Taking Care of Your Mental and Emotional Health In Pandemic

18-05-2021

Taking Care of Your Mental and Emotional Health In Pandemic

Yesterday Honourable Prime Minister Narendra Modi interacted with many doctors across the nation. The major points of this discussion circulated around the strategies to combat the second wave of the coronavirus in the country. This discussion concluded with the strategic plan and importance of vaccination, covid treatment, resources and many other points. The discussion also emphasised the importance of psychological well-being alongside physical health.

Psychological health, a fancy naming for mental health has always been the topic of discussion behind the doors. In any instance, even the people suffering from its concern either refuse to admit it to themselves and seek help or are generally ridiculed by the “near and dear” ones.

“Over 60 percent reported disruptions to mental health services for vulnerable people, including children and adolescents (72 percent), older adults (70 percent), and women requiring antenatal or postnatal services (61 percent)”

– World Health Organization Survey


As per the statistical analysis, by an anonymous organisation, as in March 2021, about 62% of people felt that they might need help for their mental well-being. From this 62%, approximately 48% were the young adults between the age group of 16-26 yrs of age. 50% of these adults were borderline depressed and experiencing anxiety due to the academic and career disruption brought by the lockdown due to pandemic.

These figures are surely disheartening and require immediate attention. Humans are social animals, therefore staying indoors for about 2 years may have become a repulsive thought. But is still the demand of time and a necessary measure for the precaution and the prevention of the virus.

Covid-19 has not only been affecting and attacking us physically but has also latently targeting mental and emotional health. Therefore, it becomes important for us to understand the importance of mental and emotional health. If neglected, these issues can turn out to be more severe and destructive than the virus itself.

What is Mental Health?

Mental health, defined by the World Health Organization, is "a state of well-being in which the individual realizes his or her own abilities, can cope with the normal stresses of life, can work productively and fruitfully, and is able to make a contribution to his or her community".

A recent report shows that almost 450 million people from all over the world suffer from mental disorders. It is a popular belief among health experts that depression will soon constitute the second largest disease burden worldwide (Murray & Lopez, 1996). As a result, the global burden of mental health would be beyond the treatment capacities of many developed as well as developing countries.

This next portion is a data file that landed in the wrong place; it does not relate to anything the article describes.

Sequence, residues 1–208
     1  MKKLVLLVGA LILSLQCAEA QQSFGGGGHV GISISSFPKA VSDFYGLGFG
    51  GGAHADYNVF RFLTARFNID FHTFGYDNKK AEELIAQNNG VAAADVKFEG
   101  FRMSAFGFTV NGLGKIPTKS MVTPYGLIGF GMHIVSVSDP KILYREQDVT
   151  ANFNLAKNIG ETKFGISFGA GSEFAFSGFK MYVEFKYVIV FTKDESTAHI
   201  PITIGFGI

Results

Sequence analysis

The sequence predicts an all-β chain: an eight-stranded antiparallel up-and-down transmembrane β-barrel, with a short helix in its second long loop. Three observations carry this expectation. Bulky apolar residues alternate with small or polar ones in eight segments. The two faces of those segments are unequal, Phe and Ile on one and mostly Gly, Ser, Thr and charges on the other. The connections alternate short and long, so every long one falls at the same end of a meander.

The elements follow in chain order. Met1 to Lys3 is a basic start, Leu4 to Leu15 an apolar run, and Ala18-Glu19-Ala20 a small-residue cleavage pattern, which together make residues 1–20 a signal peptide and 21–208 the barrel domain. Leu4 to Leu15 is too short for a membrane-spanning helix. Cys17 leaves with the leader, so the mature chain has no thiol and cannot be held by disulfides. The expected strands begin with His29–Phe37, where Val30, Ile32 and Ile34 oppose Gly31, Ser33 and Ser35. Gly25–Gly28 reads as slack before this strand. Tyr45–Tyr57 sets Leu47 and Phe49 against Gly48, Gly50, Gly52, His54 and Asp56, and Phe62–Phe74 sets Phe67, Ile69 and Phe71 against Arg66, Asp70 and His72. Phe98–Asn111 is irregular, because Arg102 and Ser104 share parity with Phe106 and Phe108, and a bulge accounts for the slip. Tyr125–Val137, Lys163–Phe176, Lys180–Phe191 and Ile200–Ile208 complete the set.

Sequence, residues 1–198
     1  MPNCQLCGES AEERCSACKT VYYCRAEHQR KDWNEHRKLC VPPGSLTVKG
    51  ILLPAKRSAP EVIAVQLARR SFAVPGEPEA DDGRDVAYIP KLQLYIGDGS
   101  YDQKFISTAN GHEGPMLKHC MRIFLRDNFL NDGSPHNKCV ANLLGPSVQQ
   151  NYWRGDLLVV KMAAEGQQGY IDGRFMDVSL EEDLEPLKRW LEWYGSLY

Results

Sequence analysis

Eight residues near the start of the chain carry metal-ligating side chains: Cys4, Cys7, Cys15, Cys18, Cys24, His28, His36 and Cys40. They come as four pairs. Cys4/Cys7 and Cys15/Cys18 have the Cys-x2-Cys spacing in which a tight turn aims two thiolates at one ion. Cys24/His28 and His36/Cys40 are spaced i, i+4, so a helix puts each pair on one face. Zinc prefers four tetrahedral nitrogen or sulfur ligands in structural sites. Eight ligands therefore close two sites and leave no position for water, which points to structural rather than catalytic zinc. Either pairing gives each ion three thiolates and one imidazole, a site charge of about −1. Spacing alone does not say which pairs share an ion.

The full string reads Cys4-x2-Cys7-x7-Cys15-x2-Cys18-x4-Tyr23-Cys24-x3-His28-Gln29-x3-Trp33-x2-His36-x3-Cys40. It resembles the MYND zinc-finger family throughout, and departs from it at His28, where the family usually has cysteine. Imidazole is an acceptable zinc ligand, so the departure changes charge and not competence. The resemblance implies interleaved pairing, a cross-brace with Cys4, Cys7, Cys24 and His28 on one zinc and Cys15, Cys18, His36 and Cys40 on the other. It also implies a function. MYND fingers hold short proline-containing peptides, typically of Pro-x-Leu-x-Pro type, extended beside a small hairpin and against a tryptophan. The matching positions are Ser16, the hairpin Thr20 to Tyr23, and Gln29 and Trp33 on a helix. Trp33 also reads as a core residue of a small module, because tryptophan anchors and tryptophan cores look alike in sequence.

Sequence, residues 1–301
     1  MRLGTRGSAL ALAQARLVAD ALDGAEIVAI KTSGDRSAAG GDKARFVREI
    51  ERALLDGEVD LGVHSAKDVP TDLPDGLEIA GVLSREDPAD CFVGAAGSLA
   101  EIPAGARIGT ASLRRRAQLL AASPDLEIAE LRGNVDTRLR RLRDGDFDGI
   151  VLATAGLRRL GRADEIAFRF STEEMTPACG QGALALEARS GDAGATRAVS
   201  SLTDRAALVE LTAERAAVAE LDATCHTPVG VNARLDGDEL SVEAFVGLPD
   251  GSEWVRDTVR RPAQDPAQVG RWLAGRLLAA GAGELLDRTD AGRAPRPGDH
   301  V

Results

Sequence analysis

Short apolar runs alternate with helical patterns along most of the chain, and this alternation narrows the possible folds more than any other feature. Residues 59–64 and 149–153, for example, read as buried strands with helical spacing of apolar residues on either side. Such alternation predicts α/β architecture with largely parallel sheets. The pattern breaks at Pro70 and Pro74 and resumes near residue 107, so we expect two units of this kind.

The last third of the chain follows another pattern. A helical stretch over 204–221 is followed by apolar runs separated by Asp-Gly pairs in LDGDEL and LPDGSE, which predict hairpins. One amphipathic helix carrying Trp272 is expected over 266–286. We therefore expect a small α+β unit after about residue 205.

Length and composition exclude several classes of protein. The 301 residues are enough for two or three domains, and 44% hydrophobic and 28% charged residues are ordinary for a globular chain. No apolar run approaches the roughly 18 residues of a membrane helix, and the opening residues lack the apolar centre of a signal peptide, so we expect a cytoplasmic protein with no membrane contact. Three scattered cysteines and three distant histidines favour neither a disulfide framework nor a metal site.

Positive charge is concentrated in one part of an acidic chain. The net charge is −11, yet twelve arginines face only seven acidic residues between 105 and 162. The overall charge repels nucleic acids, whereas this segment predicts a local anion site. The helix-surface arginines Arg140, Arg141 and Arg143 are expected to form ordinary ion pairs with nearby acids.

Thus the Mental Health is often linked to behaviour and seen as fundamental to physical health and quality of life by many experts.

What is Emotional Health?

If Mental Health is taboo, that emotional health is a topic of way beyond. As a result, not many are aware of it. Emotional health is often referred to synonymously with mental health. However, emotional health “ focuses on being in tune with our emotions, vulnerability, and authenticity” It is a fundamental aspect of culturing resilience, self-awareness, and contentment.

It should be kept in mind that it does not necessarily mean happiness or no negative emotions but about the emotional strength to keeping up with the everyday struggles.

Since the onset of the pandemic, the overall emotional health index has lowered by approximately 74%.

How to manage your mental and emotional well-being during the pandemic?

1. Take breaks from the news and social media

Watching or scrolling through the media can make us even more anxious. Try to limit COVID media exposure to no more than twice a day and try to avoid reading about COVID before bedtime.

2. Take care of your body.

Good nutrition helps our mood. Sleep, stretching and meditation helps in relaxing exercise every day to lift up your body, mind, and spirit.

3. Do a "worry drop.”

Write out all of your fears in a journal until your anxiety has dropped by half. Make a daily list of what is going well, and remember the things that are going well.

4. Find ways of expressing kindness, patience, and compassion

Be extra kind to yourself. It is a hard time for everyone. At this time, helping others in need is critical to get through this well, and also creates more purpose to our days and well-being.

5. Take considerations for the “moral injury”

Moral injury is a new term to most. It is defined as the psychosocial and spiritual burden caused by any act that goes against one’s own or shared morals and values. Some of the identifiable symptoms of moral injury include demoralization, inability to self-forgive, guilt, etc. Health care workers and anyone can experience moral injury followed by guilt. Understand we all are doing everything in our own power for the betterment of society.

These are some of the ways which can help you to reduce the mental and emotional stress imposed by this pandemic. It becomes crucial that we ensure that no new concerns must rise due to this pandemic in the coming time.

The team of Rus Education wishes for good health for all our students and speedy recovery for those who are suffering. May the souls who have fallen rest in peace.